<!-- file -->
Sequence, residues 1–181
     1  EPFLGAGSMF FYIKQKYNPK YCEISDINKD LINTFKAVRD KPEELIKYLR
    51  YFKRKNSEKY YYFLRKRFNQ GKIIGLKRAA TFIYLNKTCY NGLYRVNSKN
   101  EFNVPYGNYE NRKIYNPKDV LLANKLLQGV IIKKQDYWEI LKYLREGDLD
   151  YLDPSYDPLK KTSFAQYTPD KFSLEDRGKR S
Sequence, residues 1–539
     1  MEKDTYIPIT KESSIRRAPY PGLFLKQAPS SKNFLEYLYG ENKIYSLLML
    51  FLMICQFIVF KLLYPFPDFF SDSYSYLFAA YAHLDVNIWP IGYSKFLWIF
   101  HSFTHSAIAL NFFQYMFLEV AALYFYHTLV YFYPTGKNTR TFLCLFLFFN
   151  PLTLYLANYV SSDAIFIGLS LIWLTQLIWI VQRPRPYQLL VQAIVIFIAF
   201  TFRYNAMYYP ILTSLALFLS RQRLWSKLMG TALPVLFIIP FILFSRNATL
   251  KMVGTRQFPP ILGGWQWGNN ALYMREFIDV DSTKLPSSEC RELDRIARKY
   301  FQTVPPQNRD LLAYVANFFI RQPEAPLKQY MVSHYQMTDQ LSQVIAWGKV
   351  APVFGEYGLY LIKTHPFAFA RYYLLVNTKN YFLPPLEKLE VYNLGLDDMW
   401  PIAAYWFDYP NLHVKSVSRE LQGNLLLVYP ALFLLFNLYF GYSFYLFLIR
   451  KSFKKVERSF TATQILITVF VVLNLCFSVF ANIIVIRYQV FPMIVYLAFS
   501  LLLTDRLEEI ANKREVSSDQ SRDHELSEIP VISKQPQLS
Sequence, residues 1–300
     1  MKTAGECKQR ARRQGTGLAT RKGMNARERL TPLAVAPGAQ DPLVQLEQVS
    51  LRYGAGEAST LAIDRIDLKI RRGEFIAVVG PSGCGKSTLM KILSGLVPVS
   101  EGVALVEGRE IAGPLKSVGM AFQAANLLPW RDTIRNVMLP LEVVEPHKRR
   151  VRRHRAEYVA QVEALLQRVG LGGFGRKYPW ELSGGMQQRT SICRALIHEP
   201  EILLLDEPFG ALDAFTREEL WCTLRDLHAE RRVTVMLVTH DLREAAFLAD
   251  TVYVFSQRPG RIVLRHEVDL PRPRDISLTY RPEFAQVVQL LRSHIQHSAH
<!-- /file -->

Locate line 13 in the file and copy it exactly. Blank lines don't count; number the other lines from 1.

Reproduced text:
   301  FQTVPPQNRD LLAYVANFFI RQPEAPLKQY MVSHYQMTDQ LSQVIAWGKV